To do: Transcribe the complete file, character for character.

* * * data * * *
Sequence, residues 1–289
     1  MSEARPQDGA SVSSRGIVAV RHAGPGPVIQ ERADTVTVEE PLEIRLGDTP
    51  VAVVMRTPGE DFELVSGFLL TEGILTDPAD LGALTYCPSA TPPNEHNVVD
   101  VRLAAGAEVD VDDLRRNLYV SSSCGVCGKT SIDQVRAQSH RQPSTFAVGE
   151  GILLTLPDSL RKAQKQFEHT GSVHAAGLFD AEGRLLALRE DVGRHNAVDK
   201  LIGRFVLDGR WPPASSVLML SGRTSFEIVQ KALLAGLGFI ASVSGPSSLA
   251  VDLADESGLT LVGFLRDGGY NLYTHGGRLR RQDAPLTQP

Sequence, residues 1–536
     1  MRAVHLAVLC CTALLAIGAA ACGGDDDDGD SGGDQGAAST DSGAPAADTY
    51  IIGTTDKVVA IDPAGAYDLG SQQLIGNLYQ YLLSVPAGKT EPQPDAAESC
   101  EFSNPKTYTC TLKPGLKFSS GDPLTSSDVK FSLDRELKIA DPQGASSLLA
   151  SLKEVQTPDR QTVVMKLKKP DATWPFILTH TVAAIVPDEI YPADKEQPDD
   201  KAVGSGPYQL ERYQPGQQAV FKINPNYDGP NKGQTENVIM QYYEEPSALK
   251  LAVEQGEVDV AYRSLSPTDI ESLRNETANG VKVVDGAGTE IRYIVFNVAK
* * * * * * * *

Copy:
Sequence, residues 1–289
     1  MSEARPQDGA SVSSRGIVAV RHAGPGPVIQ ERADTVTVEE PLEIRLGDTP
    51  VAVVMRTPGE DFELVSGFLL TEGILTDPAD LGALTYCPSA TPPNEHNVVD
   101  VRLAAGAEVD VDDLRRNLYV SSSCGVCGKT SIDQVRAQSH RQPSTFAVGE
   151  GILLTLPDSL RKAQKQFEHT GSVHAAGLFD AEGRLLALRE DVGRHNAVDK
   201  LIGRFVLDGR WPPASSVLML SGRTSFEIVQ KALLAGLGFI ASVSGPSSLA
   251  VDLADESGLT LVGFLRDGGY NLYTHGGRLR RQDAPLTQP

Sequence, residues 1–536
     1  MRAVHLAVLC CTALLAIGAA ACGGDDDDGD SGGDQGAAST DSGAPAADTY
    51  IIGTTDKVVA IDPAGAYDLG SQQLIGNLYQ YLLSVPAGKT EPQPDAAESC
   101  EFSNPKTYTC TLKPGLKFSS GDPLTSSDVK FSLDRELKIA DPQGASSLLA
   151  SLKEVQTPDR QTVVMKLKKP DATWPFILTH TVAAIVPDEI YPADKEQPDD
   201  KAVGSGPYQL ERYQPGQQAV FKINPNYDGP NKGQTENVIM QYYEEPSALK
   251  LAVEQGEVDV AYRSLSPTDI ESLRNETANG VKVVDGAGTE IRYIVFNVAK